BS: What I love about this one is how once you’ve read it, you realize that no matter how many times this simulation runs, the words “I love you” will never get fully said. And bringing speculative/sci-fi into the mix in this was is just so, so clever. Loved this.

KR: The unexpected interruption turns this slice of life into something else entirely. The fact that the protagonist returns over and again to such a mundane moment makes you wonder just what has happened since.

RUNNER UP

No Time to Stop Running by Maggie Duncan

BS: This is one that I find myself expanding into a larger story, and the details are fabulous. I’m rooting for these people, even though apparently they are murderers! That’s another sign of great horror, where you’re not quite sure you’re not pulling for the bad guy. And that sympathy comes through partly in those mundane details, the care taken to give the impression of a “real” family. Super creative, wonderful.

KR: As soon as I’d read this, I went straight back and read it again. The first time through, it was the story of a cunning fugitive couple, faking a family to avoid detection, full of fun little details like changing the names and filling diapers. The second time though… Now it’s a deeply disturbing story about a mother trying to replace the kids she’s at least allowed to die, or has maybe outright murdered. Those funny little details are now shiver-inducing symptoms of an illness no parent wants to consider. Very clever!

And now: it is our pleasure to present to you our

FIRE&ICE WINNER

ARTIE DINTERS!!!

for

Georgie

BS – This one is a simple, elegant, family moment that does a great job of juxtaposing attempts at “normalcy” of parenting in an extremely not-normal (and horrifying) situation. I also love how the dialogue brings further characterization, shining just a little light on their idiosyncrasies. There is a ton of detail packed in here, which makes it vivid. And again shows how those particulars can be so universal, not because of what they are specifically, but because we all experience life at that detailed, human-scale level. I feel really bad for this couple because they have clearly passed through a terrible terrible transition, and done it together, and agreed on the horrible way they will handle it. In a way, that’s about love. Great story.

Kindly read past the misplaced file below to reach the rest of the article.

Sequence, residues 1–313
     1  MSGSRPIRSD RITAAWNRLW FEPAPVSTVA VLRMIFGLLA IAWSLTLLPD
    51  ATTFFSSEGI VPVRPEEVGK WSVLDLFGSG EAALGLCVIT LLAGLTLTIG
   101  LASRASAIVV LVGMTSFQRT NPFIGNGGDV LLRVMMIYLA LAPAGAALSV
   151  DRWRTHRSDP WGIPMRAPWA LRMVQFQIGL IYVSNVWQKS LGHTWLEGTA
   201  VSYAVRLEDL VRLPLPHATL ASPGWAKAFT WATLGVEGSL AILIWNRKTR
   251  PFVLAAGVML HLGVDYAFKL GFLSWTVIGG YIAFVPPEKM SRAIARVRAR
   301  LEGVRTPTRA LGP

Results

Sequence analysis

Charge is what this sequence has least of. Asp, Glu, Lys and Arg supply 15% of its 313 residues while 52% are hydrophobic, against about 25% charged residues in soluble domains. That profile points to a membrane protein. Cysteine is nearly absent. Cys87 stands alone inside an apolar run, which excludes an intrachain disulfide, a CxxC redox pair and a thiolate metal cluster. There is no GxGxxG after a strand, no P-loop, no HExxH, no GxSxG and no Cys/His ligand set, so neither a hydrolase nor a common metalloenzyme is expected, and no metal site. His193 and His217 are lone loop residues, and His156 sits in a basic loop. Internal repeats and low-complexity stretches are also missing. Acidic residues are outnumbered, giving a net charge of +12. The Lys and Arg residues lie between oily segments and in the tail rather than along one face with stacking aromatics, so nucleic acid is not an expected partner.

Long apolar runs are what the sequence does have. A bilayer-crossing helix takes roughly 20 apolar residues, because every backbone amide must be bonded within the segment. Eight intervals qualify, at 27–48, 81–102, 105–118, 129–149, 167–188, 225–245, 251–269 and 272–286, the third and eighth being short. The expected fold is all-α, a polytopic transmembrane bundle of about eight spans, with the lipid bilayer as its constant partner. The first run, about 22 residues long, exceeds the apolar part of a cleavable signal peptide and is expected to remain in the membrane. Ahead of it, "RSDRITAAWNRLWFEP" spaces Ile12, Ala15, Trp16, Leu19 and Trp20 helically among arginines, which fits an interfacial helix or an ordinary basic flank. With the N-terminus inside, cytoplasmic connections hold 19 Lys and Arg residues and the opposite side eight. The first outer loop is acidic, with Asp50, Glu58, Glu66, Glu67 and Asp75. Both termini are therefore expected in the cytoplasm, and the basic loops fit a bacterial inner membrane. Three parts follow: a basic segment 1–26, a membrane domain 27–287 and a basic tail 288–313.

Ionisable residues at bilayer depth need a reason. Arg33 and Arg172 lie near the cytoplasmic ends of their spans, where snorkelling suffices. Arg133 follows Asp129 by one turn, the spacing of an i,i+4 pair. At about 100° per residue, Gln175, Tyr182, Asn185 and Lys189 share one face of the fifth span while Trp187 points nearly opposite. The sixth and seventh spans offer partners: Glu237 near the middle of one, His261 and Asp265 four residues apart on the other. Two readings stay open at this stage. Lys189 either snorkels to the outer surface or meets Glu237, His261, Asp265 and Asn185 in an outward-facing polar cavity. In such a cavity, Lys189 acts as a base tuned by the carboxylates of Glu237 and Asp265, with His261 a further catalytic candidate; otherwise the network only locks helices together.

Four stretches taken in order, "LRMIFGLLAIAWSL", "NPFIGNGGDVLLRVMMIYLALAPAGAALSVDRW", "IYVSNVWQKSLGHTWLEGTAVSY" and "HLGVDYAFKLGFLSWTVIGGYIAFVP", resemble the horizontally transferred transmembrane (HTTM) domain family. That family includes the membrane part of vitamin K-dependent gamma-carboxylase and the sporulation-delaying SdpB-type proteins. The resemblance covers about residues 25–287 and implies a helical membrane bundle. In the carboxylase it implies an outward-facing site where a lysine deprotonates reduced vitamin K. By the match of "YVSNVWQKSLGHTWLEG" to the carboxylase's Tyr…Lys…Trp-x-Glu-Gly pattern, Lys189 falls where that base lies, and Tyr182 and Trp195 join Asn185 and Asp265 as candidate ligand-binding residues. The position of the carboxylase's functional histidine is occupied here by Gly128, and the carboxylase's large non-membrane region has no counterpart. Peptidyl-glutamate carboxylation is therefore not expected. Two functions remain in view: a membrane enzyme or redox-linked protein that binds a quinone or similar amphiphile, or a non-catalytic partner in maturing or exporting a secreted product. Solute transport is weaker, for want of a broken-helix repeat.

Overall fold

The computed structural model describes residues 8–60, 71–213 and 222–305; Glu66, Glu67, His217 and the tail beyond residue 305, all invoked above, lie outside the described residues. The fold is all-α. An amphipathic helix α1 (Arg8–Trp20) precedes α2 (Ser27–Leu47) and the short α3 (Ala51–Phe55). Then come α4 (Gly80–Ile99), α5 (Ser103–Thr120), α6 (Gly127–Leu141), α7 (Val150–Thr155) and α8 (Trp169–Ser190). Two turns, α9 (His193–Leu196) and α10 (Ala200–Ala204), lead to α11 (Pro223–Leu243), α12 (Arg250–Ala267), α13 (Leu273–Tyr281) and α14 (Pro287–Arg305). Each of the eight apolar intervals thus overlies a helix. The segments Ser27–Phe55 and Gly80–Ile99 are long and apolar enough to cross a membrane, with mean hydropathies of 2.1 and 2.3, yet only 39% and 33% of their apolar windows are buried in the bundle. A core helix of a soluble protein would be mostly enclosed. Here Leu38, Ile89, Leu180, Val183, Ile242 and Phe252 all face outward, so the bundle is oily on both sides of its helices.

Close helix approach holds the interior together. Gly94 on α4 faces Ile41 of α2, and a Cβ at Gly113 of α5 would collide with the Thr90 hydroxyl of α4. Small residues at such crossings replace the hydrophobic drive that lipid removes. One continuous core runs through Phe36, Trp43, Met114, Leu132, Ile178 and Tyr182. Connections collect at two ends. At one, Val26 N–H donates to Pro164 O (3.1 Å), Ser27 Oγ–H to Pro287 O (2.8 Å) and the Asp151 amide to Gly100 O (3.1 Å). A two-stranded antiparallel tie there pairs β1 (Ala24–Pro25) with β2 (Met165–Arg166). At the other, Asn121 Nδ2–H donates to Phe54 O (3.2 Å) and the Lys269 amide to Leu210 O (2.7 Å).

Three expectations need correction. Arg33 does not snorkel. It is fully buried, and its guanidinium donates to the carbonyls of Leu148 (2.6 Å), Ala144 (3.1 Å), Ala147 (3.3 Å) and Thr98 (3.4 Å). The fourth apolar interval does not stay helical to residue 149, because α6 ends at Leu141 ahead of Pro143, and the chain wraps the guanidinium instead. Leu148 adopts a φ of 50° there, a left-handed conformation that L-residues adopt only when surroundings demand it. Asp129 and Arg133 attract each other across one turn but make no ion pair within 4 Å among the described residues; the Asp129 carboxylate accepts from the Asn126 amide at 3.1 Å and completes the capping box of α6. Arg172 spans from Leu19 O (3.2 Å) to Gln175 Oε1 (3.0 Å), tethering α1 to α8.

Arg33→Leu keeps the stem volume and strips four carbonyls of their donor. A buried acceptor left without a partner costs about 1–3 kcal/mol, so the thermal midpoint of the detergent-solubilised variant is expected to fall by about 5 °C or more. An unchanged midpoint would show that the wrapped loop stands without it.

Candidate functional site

KR — Just how damaged do you have to be to try and build a life around the preserved corpse of a toddler? Well, as this story lays out, the answer is very deeply damaged indeed. So much of this is conveyed through the mis-matched dialogue, the couple never quite connecting as they try to keep up their sham lives. Everything is slightly off and there seems to be a streak of jet black humour too – I have to admit, my reading of this was far less sympathetic than Betsy’s, and the thought of these two nutballs trying to “raise” their kid struck me as both horrific and funny, which is not easy to convey in less than 200 words. When little Georgie slumps to the floor at the end, displaying the rotten core of the tale to perfection, I laughed, felt terrible, then laughed again.

Congratulations, ARTIE! Here’s your winning story:

GEORGIE

It was early morning. Ben was cooking eggs and bacon. Linda indulged in latest news. In the background radio played Christmas music. It was that time again.

“Can you turn it off?” Linda said not raising her head.
“It is little Georgie’s favorite song, am I right Georgie?” Ben loomed above his son.

Georgie was a silent child. Gave no trouble to his parents. Always curious about his father’s job. Despite what neighbors talked behind their backs, little Georgie was a perfect child.

A whiff of rot danced with eggs and bacon.

“He stinks again.” Linda said.
“I thought I got the mixture right this time.” Ben turned the bacon stripes over. Knelt to Georgie. “What I got wrong, Georgie?”

Wax was dripping on the kitchen floor. Ben poked Georgie’s arm. Soft tissue met his finger. “Georgie, Georgie why you give us trouble?” Ben sighed. “Will you put him back in a freezer?”

“He is your son.” Linda said louder than she intended.
“I’m making breakfast.”

Georgie silently fell on the floor.